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Why Washington Kept His Powder Dry


Has anyone in the Corner commented lately on the ennobling effects of studying history? A couple of days ago, I asked why Washington held his fire after investing Dorchester Heights. (As you may recall, I’d just finished 1776, David McCullough’s latest book, and this was bothering me.) Washington could have harassed the 120 or so ships of the Royal Navy that lay anchored in Boston harbor, and he could have badly damaged Boston itself. Instead he permitted the 8,000 British and Hessian troops to evacuate Boston unharmed, simply watching calmly as the enemy troops boarded ships and sailed away.

As of today I’ve received well over a hundred replies. Each is knowledgeable, literate, friendly, and polite. Let’s just say that I’d rather correspond with history buffs than with defenders of Harriet Miers.

What have I learned?

In the first place, the 58 guns that Henry Knox rescued from Fort Ticonderoga failed to give Washington quite the tactical advantage that I’d supposed. Washington faced a chronic shortage of gunpowder. (Rick, you were right about this.) “Every officer that stands an idle spectator, and sees such a wanton waste of powder,” Nathaniel Greene wrote, infuriated at seeing soldiers take potshots at geese, “may expect to be reported.” Cannonballs were also scarce. After British General Howe subjected Washington’s position on the Dorchester Heights to a fierce but futile cannonade—from their position in Boston, which was close to sea level, the British found it impossible to elevate their artillery pieces enough to strike their targets—American soldiers scampered out to retrieve the British cannonballs, collecting some 700.

Washington did indeed fire on Boston, ordering several night barrages. But he intended only to confuse the British while muffing the noise of the work parties that were digging in on the Heights. Noisemaking was one matter. A serious offensive action would have been a different one. Why didn’t Washington attempt a few shots at British ships? I quote a reader:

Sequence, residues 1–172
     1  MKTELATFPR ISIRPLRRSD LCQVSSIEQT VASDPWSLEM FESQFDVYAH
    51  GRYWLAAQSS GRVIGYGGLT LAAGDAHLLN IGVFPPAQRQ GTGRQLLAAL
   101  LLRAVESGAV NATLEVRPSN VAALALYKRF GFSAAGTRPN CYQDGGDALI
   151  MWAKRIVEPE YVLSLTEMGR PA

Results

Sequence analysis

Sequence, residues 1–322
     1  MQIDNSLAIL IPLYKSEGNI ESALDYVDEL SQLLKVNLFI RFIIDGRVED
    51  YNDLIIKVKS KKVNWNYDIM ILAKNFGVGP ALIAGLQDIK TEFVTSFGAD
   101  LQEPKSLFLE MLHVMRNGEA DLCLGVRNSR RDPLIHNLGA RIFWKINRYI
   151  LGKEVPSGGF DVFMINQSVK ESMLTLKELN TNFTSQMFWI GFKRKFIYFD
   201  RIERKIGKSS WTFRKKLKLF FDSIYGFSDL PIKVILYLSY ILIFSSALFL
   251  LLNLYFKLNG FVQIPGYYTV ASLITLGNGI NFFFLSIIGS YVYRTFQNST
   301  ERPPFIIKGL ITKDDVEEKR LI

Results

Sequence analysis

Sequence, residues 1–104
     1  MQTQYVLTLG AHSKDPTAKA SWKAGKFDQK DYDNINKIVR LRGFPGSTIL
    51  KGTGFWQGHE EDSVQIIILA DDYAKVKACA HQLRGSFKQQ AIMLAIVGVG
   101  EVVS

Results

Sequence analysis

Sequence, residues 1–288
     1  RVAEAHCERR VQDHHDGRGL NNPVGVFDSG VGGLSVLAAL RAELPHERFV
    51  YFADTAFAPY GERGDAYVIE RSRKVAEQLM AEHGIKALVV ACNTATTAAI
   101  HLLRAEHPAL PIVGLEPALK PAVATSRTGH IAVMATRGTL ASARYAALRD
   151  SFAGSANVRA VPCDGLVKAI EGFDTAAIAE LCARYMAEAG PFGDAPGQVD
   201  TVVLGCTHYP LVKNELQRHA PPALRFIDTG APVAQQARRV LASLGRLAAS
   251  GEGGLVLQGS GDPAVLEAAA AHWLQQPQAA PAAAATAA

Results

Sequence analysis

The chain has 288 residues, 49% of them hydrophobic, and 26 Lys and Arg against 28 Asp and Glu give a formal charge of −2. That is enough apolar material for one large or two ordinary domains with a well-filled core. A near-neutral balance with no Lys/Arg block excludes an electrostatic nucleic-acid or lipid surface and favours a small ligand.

The range from the Dorchester Heights to the British fleet where it was anchored was appx. 2 miles. This was just at the outer maximum range of 12lb and 18lb (weight of the cannon ball) cannons. Most of [Washington's] artillery was of a smaller caliber and more importantly, none of it was rifled (spiral grooved on the inside of the cannon barrels). Only a lucky hit would have been possible….Also remember that his cannons only fired solid shot cannon balls as opposed to shells which exploded. A large wooden warship can absorb hours of battering at close range by solid shot and still be sea worthy. At two miles range and only the lucky shot striking home, it would have been a useless and extravagant gesture at best.

The most compelling reason for Washington to hold his fire? He was a gentleman. Soon after Washington placed his guns on the Dorchester Heights, making the British occupation of Boston suddenly untenable, a delegation from Boston crossed to the mainland with a message. To quote McCullough:

[O]n Friday, March 8…Deacon Newell and three other selectmen crossed [over from Boston] under a white flag carrying an unsigned paper stating that General Howe had “no intention of destroying the town, unless the troops under his command are molested during embarkation.”

An unsigned document? That struck me as unimportant, a mere gesture. But readers assure me that the conventions of eighteenth century warfare would have required Washington to take it seriously. Neither Howe nor Washington, moreover, had any interest in reducing Boston to ashes. For his part, Howe was attempting to win over American opinion—it would be more than a year before the Declaration of Independence made formal the rupture from Britain—while Washington was attempting to hold together an army that was overwhelmingly made up, at this early stage, of New Englanders, many of whom had Boston ties. When Howe asked for a peaceful out, Washington was happy enough to comply. On this mixture of strategic considerations and gentlemanly behavior, a reader:

The Age of Reason brought to warfare an aristocratic set of gentlemanly expectations including things like mutually understood need for a force to retreat or surrender from an inferior position. The War of Independence ended with another event at Yorktown that was driven in some significant part by such expectations. If Washington had initiated an active firing war, the British would have been free under those conditions to sack and burn Boston if they perceived tactical advantage from doing so. In the absence of a firing war, such an action was way out of bounds.

As yet another reader put it, Washington’s strategic objective was to capture Boston. The General did just that.

A final note.

In my original post, I asked why Washington had kept his powder dry. “[Y]ou are slightly misusing the expression,” a reader wrote.

“Keeping your powder dry” does not mean holding back, it means keeping yourself in a state of readiness. I realize that this may be hair splitting, but one could fire one’s cannon repeatedly whilst still “keeping the powder dry.”

The readers of this happy Corner know everything.